Satellite Elliptical Orbit Problem
Geosynchronous satellites do not provide good coverage for higher latitudes, such as in the country of Norway.
Communication satellites in inclined elliptical orbits are an attractive alternative. For this problem you will
work out a hypothetical elliptical orbit satellite for Norway. Use the given specifications below to base your
calculations on.
Orbital Period = 24hrs
SubSatellite Point = 60deg N, 10deg E, Oslo at 2100 UT daily
Apogee = Occurs at 2100 UT everyday when the satellite is directly above the subsatellite point
Height of Perigee = 500km above the surface of the earth
3) Find the Eccentricity:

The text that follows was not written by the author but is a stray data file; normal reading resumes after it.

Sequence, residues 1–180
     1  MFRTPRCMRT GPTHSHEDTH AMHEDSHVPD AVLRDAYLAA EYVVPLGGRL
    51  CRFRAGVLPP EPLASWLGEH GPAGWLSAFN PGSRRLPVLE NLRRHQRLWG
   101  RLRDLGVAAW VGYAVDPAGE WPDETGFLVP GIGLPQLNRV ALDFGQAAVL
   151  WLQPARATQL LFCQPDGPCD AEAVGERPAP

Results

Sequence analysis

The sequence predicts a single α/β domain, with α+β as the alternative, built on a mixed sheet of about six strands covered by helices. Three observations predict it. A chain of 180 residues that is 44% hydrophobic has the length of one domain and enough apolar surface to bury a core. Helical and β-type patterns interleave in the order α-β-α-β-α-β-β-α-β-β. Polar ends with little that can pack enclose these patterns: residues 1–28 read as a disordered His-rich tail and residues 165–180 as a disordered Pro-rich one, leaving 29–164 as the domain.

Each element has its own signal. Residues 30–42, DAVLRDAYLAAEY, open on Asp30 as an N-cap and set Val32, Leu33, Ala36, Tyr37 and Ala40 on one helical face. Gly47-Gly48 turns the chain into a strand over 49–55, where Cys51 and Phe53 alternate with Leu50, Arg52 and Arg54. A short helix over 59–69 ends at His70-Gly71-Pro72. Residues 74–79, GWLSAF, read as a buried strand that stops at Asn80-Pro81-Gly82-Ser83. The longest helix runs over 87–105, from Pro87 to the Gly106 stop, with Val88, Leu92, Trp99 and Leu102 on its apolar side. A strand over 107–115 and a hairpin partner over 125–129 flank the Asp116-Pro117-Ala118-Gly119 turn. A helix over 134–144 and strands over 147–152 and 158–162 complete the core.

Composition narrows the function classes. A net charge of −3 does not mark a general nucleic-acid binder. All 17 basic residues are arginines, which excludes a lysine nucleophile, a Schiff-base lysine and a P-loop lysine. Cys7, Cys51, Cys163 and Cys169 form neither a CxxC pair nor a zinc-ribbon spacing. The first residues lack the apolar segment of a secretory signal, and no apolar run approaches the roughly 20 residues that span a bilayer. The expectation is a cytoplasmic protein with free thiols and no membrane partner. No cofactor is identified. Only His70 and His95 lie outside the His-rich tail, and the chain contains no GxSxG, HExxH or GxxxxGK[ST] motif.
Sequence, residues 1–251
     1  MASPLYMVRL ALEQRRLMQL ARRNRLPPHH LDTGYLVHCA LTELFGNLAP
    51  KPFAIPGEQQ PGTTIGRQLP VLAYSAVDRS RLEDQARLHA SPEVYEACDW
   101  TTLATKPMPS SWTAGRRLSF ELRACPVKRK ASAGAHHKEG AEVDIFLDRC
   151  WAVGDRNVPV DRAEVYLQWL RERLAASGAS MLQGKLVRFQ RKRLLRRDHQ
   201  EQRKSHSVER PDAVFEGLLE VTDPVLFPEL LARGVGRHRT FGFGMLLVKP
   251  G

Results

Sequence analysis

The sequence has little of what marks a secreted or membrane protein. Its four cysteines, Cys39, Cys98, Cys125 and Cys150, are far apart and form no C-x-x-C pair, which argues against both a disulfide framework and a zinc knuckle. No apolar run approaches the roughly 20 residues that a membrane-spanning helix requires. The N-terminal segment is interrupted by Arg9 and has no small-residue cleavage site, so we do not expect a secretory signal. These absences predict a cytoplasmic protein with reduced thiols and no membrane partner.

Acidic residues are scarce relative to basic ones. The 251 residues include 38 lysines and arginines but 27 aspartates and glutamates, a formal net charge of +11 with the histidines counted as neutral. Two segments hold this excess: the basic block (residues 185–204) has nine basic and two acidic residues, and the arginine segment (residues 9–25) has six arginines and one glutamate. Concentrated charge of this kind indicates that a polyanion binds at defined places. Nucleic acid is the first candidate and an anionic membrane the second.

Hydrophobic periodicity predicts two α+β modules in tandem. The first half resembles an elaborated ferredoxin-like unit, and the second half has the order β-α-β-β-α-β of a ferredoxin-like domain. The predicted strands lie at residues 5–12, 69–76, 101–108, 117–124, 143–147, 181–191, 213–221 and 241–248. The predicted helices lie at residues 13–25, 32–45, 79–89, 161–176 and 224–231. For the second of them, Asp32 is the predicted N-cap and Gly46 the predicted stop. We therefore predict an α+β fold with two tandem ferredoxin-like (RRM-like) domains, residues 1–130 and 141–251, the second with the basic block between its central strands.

The radius of perigee = r_{p} = a ( 1  e ), where e = eccentricity
The height of perigee = h_{p} = r_{p}  r_{e} = a ( 1  e )  r_{e} = 500
Now, solving for e,
e = 1  (r_{e} + 500) / a = 1  6870 / 42,242 = 0.837
4) Find the distance from the surface of the Earth at Apogee:
The radius of apogee = r_{a} = a ( 1 + e )
The height of apogee = h_{a} = r_{a}  r_{e}
h_{a} = a ( 1 + e )  6370 = 42.242 ( 1 + 0.837 )  6370 = 71,244km
5) Determine the Orbital Inclination (i) that would provide the longest daily period of visibility at Oslo:
The longest period of visibility would occur when Oslo is in the orbital plane at apogee. This requires an inclination
equal to the latitude of Oslo, which is 60 degrees.
Satellite key words: look angle, shallow, negative angle, geosynchronous, low earth orbital, LEO, GEO, latitude,
longitude, SATCOM, elliptical orbits, subsatellite point, orbital period, UT, apogee, perigee, spacecraft,
velocity, eccentricity, visible.